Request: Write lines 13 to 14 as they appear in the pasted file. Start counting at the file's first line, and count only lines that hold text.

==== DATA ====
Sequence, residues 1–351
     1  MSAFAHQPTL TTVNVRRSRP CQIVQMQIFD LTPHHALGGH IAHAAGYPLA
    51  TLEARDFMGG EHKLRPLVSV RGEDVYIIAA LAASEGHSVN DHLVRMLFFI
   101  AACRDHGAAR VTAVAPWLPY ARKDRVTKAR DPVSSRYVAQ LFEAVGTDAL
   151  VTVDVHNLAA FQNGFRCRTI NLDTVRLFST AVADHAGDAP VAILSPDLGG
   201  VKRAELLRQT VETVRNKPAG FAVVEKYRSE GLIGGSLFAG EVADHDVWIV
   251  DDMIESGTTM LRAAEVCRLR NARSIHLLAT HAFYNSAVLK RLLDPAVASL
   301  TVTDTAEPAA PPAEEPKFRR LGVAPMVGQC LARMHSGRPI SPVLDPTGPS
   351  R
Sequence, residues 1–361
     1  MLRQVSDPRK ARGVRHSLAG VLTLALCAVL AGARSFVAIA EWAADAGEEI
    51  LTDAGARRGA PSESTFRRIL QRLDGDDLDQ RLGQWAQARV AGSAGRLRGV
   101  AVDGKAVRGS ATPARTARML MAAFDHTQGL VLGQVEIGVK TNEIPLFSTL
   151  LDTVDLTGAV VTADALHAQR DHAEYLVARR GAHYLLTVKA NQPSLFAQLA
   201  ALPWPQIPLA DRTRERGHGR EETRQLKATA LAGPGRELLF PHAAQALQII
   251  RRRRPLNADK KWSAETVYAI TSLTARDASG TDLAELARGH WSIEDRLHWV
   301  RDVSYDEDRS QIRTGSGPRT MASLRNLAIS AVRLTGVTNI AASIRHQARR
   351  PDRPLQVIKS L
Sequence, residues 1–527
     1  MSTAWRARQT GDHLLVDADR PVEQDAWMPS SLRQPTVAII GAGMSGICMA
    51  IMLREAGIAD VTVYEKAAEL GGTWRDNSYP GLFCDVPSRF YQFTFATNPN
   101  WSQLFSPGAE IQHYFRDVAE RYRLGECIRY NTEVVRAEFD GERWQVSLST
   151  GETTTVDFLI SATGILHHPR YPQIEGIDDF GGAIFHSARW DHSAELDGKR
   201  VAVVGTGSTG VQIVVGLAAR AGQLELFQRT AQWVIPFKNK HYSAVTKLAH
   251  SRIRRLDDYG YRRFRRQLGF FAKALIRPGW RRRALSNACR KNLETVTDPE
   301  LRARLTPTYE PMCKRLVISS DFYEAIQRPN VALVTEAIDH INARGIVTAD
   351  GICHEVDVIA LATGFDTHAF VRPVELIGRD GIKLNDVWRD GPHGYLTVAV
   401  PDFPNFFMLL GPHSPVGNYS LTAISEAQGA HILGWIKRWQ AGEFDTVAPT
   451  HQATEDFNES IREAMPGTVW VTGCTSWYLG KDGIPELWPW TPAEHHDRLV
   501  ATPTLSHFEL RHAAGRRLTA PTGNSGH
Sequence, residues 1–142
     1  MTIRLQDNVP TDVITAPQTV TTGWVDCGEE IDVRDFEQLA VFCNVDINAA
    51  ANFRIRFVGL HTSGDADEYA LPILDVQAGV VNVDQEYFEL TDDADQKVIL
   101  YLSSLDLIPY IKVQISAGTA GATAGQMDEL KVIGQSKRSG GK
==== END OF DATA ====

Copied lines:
   101  AVDGKAVRGS ATPARTARML MAAFDHTQGL VLGQVEIGVK TNEIPLFSTL
   151  LDTVDLTGAV VTADALHAQR DHAEYLVARR GAHYLLTVKA NQPSLFAQLA